Red carpet event brings passion and purpose
By Robert Willams
Northern Lights Dance Academy (NLDA) instructors Kiala Velde and Katelyn Colliton recently returned from the Industry Dance Awards in California, an unlikely place for a small academy in Minnesota. The event was held at the Avalon theater, a large venue located at the world-famous intersection of Hollywood and Vine. That’s about as L.A. as one can get.
While not taking home the people’s choice award, the road to being nominated and the trip to Los Angeles were validating to the efforts put into their dance, “The Village,” performed by Stella Hunt, Sophie Nelson, Natalie Tusow, Hailey Selly and Marcella George.
“It’s insane. It’s hard to put into words,” Velde said. “I needed some time with everything I saw and was part of, all I kept saying is I can’t believe we’re here. I can’t believe we’re part of this; this is insane. We’re just a small town and I did a dance based off something I was passionate about and that was a big part. Not that I don’t love all my dances, but the story and everything behind it.”
“The Village” was created in honor of Velde’s cousin’s transgender son who ended his life this summer. It also had a personally experienced meaning to the five dancers after a Frazee student ended her life last spring.
“I’ve learned from teaching that my best dances are the ones that the kids have a story that they can be passionate about when they’re dancing,” said Velde.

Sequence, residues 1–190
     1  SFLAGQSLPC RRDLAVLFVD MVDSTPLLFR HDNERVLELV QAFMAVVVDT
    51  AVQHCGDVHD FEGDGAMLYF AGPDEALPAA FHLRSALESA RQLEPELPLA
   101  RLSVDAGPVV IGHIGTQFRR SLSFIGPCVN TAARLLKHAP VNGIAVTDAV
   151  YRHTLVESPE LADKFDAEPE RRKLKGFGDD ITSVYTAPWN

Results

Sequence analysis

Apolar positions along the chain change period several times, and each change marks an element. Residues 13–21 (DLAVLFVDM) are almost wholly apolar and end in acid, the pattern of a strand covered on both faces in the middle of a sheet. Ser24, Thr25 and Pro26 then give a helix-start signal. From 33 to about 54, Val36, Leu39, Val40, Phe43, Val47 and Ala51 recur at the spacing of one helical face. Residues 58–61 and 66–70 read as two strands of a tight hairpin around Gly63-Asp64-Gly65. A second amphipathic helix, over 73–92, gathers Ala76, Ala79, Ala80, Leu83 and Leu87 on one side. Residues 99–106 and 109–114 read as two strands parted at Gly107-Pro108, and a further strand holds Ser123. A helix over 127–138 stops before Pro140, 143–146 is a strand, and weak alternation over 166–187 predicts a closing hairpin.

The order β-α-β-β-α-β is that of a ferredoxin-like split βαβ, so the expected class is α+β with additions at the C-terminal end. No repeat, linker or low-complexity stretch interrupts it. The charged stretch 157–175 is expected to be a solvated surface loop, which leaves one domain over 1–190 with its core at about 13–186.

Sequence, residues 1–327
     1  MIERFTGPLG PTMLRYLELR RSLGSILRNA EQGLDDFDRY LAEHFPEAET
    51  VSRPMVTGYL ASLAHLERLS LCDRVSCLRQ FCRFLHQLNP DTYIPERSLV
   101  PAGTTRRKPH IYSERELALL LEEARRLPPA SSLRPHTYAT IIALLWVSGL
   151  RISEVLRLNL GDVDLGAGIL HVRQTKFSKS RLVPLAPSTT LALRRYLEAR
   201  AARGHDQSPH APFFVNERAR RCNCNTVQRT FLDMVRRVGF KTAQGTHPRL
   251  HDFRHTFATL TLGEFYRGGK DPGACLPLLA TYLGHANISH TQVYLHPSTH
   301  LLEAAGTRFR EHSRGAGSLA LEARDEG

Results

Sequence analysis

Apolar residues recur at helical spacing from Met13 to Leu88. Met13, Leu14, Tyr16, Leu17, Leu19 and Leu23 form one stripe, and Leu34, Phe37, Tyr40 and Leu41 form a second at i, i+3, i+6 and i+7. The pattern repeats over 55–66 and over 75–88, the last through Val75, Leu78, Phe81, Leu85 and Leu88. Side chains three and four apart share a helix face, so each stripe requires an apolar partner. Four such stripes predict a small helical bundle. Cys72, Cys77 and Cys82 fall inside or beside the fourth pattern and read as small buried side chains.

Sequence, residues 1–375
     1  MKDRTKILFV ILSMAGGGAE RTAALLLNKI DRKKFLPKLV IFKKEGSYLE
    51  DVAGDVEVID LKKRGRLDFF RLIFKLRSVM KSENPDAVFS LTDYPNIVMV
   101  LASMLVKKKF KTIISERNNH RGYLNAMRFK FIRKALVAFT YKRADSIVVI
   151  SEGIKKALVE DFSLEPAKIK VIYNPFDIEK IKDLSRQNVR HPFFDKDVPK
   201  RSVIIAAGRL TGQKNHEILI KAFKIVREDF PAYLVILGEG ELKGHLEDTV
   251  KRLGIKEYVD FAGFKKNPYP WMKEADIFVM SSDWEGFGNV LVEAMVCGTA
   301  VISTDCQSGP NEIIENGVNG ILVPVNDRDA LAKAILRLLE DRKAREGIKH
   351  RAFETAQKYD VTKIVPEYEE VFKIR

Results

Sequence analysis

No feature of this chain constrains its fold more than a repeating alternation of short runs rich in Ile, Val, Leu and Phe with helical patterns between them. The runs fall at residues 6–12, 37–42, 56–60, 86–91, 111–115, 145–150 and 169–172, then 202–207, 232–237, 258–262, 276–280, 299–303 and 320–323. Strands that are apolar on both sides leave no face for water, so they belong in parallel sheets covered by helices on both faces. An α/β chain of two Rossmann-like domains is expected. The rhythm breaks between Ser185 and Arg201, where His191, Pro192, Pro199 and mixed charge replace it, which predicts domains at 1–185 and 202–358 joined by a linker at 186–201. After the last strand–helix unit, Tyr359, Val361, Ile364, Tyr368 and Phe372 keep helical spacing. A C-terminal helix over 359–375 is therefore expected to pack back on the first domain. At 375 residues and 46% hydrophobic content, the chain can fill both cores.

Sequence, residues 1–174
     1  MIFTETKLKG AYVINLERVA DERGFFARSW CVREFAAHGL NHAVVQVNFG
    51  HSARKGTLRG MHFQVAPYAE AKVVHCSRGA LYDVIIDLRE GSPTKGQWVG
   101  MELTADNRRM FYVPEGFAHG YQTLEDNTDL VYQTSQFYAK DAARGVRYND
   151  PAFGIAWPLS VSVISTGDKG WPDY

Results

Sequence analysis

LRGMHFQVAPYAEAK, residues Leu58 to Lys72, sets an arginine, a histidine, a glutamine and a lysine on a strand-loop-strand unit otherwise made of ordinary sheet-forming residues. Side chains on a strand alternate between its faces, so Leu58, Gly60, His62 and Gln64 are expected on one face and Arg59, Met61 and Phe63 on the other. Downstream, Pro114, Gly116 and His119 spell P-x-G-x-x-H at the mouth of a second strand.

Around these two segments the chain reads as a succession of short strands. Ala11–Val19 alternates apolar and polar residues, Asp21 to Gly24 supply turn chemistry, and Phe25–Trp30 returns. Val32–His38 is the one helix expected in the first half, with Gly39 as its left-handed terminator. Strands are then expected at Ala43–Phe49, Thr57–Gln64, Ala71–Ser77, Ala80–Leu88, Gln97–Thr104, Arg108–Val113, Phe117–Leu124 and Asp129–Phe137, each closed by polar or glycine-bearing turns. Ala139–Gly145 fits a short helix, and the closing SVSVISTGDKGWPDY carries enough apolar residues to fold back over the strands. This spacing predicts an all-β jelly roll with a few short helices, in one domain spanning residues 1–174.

After an initial round of professional judging to qualify, the remainder of the competition was judged online by voters, something that put a small studio at a big disadvantage.
“I kept telling my girls we’re small, to get to the next round is going to be tough, we just probably won’t get the votes,” Velde said. “It’s just not going to happen for us.”
However, it did.
Velde credits the meaning behind the dance as having struck a chord with viewers, along with rallying support from other small studios in Minnesota and even some competitors.
“There are studios that we competed against that I’ve never met and they were like, ‘vote for this dance. I saw it live and it was amazing,’” said Velde. “I would see it on Facebook and they would tag me. I don’t even know this person; I’ve never met them; I don’t even remember their studio name, yet they remember our dance.”
The Industry Dance Awards lasted multiple days with a dinner and benefit presentations, along with the official awards ceremony.
“It was kind of overwhelming,” said Velde. “Big names and A-list stars were just walking around with you. I was just living in the moment.”
NLDA’s home state was well represented, which was somewhat baffling to people from the west coast.
“There were two other Minnesota studios nominated for two different categories too, which was cool,” Velde said. “I think we were maybe one of the only states to have three. Which is interesting, because someone from California was talking to me and said, ‘You’re from Minnesota? Where do you even compete there?’ We have some pretty big names in the dance world; I hate to break it to ya.”
Velde made a connection with another small studio online that was up for an award and they collaborated to help get each other votes. Ironically, they ended up at the same table during the ceremony.